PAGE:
Coast Life: Farming the state fruit in the Blueberry Capital of Mississippi
POPLARVILLE Miss. (WLOX) - In the blueberry capital of Mississippi, images of blueberries can be found around just about every corner. On Saturday, the newly proclaimed state fruit will be celebrated in Poplarville with the “Blueberry Jubilee.”
“Blueberries taste really good and they bring people together,” said Natalie Wilkinson, a Poplarville resident.
Tony Pervel is doing his part to celebrate the tiny blue fruit. He’s restored a home built in the 1800′s, painted it blue and is opening a bed and breakfast called the Blueberry Manor.
“They had a previous Blueberry Inn in Poplarville; I wanted to bring something back to represent the Blueberry Festival and the state capital of the blueberry,” said Pervel.
The blue magic happens outside of town on farms where blueberry trees are planted for as far as you can see.
Donald Vandewerken is co-owner of J&D Blueberry Farms. Just about every day, he’s working blueberries. Vandewerken plants, picks then processes all on the 20-acre farm.
“Anything we can shove a blueberry in we’re going to make it,” said Vandewerken.
That means making pies, popsicles, teas and juice.
“We smash the berries and then we go ahead and bottle them,” Vandewerken said.
Even dogs can enjoy blueberries, the dog treats are some of the farm’s best sellers.
“They’ve already proved that blueberries are good for animals, that’s why a lot of blueberry products go into animal feed now,” said Vandewerken.
With the good comes plenty of challenges.
“On March 19th we had a bumper crop, then on March 20th we had no crop,” Vandewerken said.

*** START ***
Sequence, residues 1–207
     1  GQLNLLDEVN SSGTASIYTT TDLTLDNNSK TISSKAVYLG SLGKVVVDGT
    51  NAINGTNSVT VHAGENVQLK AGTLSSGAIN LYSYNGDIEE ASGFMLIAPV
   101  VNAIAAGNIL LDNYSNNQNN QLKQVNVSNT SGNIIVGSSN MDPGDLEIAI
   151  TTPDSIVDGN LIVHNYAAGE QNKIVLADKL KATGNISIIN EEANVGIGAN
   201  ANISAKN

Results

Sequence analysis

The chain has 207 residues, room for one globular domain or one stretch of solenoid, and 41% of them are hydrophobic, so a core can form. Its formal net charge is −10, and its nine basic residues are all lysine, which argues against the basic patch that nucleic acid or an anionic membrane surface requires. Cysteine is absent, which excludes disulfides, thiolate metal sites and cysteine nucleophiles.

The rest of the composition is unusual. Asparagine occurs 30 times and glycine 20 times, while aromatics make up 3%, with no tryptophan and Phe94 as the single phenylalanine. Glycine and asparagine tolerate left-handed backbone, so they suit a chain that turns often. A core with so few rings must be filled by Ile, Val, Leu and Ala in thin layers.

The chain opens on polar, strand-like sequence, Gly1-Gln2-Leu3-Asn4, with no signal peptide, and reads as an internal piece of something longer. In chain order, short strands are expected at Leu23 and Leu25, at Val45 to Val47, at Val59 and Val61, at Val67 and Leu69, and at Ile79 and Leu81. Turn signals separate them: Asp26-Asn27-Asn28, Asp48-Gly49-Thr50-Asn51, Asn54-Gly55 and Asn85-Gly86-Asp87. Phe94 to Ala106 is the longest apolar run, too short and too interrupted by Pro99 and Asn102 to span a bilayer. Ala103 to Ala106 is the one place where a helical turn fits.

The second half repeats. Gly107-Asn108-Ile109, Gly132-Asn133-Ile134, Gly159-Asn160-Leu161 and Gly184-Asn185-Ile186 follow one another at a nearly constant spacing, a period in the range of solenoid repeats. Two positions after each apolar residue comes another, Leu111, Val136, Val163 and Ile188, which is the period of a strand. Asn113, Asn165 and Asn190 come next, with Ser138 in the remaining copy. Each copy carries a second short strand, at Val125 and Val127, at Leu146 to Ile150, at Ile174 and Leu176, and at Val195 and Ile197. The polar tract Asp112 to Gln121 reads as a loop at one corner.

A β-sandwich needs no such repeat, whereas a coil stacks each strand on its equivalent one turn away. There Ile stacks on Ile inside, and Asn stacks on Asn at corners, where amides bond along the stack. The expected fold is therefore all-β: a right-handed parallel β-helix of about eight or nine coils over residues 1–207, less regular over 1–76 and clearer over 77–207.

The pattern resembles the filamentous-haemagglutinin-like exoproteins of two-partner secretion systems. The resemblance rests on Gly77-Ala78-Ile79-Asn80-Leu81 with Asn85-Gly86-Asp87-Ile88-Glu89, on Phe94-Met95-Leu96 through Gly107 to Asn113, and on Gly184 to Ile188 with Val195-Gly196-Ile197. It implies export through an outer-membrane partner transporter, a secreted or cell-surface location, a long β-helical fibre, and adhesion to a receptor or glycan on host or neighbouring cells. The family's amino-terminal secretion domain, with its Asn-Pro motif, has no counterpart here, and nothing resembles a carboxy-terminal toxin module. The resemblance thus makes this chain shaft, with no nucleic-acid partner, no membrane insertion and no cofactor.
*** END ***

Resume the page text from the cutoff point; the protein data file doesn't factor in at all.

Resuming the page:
Normally, late spring and early summer is prime picking season. The trees would be filled with blueberries in early June, but this year, they’re hard to spot. A late freeze in March wiped out J&D’s crop. That means there will be a shortage of fresh blueberries at this weekend’s Blueberry Jubilee.
“It’s a shame. We lost it all, but that’s farming,” said Vandewerken. “We just hope for 2024.”
Every year brings its own obstacles and they’ve taken a toll on farms. 20 years ago when Vandewerken was just getting started in the business he said you could find about 80 blueberry growers across South Mississippi. Now that number’s down to less than 20. Despite the challenges, he’s not planning on calling quits anytime soon.
“When it gets in your blood we just keep doing it,” said Vandewerken. “It’s a passion, it really has to be a passion to keep doing this kind of work.”
Passion is just one of the ingredients making blueberries a part of the Coast Life.
“Growing blueberries in this region is probably the best area to grow them primarily because of the weather and soil conditions,” said Vandewerken. “For the last 50 years, people on the Gulf Coast have always known that this is the time of year to pick blueberries.”
J&D Blueberry Farms products are sold at farmers markets around the region and the J&D will be represented at the Blueberry Jubilee. For more information, visit: https://jdfarms.us/.
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